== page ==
Five years ago, I began a countdown to today.
It wasn't that simple, of course. There were many shorter countdowns. Time laid before us in pieces. I got through surgery, surgery again, this chemo and that one, radiation, menopause, mammograms and follow-up visits. Each birthday, mine and my families', was a milestone of sorts or a reminder that everything is fleeting. Each holiday was marked: the first holiday since, the third holiday since. Everything was "after," everything was supposed to be acknowledged as time we might not have had.
Time is always time that we might not have had.
This is me a few weeks after learning I had cancer, and this is the last picture taken of me and the kids before my diagnosis.
But in the world of cancer, five years is put before you like it is everything. When statistics refer to "survival" for various types of cancer, they do not refer to the likelihood of the patient living a long and storied life and dying at 90 of heart failure. The "survival" statistics refer to five year survival rates. Living beyond that is apparently gravy if you have had cancer. That is a tough reality to face if you are diagnosed with cancer at age 34. Who wants to think that living past 40 is impressive? However, getting to that magical five year point can mean you get to use the word "remission" to describe your cancer.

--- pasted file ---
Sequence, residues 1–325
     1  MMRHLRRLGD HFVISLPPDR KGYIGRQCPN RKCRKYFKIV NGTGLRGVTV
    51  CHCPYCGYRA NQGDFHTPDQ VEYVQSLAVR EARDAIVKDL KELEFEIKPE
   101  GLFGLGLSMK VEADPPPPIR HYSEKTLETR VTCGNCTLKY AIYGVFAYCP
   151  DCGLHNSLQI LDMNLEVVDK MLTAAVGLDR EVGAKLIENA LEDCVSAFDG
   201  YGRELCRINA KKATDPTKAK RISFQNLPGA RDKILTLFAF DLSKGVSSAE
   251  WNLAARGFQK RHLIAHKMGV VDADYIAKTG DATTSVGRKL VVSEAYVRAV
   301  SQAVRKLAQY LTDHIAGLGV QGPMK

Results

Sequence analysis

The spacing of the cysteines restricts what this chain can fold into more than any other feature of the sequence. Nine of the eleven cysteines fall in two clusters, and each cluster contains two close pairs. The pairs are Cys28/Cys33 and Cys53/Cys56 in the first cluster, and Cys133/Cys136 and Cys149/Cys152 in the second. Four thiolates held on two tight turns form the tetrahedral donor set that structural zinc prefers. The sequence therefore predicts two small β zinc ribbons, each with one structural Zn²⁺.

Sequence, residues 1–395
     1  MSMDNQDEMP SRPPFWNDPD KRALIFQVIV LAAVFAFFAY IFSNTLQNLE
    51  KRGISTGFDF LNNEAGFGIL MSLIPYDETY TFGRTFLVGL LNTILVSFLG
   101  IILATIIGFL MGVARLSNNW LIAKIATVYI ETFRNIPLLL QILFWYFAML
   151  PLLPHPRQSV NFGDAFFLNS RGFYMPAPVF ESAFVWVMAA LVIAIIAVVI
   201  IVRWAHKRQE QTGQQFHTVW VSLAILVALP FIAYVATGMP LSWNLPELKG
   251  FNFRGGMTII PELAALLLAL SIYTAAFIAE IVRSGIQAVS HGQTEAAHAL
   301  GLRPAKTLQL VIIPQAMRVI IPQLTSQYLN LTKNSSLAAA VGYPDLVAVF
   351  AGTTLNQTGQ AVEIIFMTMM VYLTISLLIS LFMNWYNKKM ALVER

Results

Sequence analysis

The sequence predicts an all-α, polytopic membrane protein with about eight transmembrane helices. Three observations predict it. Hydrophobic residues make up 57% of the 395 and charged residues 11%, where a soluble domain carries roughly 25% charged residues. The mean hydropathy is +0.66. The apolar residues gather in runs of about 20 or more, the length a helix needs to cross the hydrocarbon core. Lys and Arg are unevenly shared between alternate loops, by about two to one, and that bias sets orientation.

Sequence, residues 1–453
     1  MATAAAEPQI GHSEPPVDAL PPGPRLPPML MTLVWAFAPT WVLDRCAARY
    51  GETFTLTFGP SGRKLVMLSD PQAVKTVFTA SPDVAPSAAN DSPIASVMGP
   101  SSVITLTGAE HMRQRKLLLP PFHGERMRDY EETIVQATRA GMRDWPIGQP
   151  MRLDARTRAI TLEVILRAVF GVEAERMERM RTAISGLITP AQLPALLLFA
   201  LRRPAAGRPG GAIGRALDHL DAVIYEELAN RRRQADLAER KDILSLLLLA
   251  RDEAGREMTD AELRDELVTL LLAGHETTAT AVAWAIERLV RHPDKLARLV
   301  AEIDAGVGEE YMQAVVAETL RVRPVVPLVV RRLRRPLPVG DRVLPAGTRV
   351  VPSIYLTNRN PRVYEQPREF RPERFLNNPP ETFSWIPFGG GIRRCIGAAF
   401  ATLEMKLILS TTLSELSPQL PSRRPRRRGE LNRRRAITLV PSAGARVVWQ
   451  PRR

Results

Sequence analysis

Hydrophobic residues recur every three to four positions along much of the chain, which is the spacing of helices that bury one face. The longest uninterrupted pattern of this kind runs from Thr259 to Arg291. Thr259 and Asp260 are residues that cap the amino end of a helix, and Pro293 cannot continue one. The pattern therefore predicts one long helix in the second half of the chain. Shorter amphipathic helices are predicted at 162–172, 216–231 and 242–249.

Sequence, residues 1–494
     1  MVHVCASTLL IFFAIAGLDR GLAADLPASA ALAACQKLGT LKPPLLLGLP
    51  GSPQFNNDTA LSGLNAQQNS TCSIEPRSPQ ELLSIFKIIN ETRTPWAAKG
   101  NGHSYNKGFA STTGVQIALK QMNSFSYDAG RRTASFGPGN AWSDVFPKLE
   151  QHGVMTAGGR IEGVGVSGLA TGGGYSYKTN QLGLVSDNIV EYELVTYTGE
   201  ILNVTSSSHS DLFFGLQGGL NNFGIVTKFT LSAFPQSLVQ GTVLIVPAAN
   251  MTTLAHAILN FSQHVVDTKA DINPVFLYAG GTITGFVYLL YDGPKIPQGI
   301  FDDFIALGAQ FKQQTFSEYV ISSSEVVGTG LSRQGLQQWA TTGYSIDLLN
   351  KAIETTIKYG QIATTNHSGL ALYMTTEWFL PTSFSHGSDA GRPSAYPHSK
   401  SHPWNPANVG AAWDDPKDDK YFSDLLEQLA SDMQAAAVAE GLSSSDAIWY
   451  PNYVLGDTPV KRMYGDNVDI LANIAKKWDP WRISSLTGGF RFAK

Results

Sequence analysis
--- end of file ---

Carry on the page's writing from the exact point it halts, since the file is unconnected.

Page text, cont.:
But...there is no remission for breast cancer. There is only "no evidence of disease." That is another way of saying "you might have cancer, but...you never can tell."
If you like data, as I do, you might look into the survival rates and begin to understand what lies within them. There is survival, and there is "disease-free survival," which means you are not only alive five years later, but your cancer has been MIA that whole time. And so it is that when the statistics gods and the cancer organizations are rounding up the numbers, they can include me in one category of survival (because I am not dead) but not in the other (because my cancer came back). I am not the worst case scenario, but no one is trotting me out as a success story, either.
I don't want to be seen as a story of success or failure, at least not when it comes to cancer. My five years since diagnosis is important, at least to me, but not for the reasons you might think.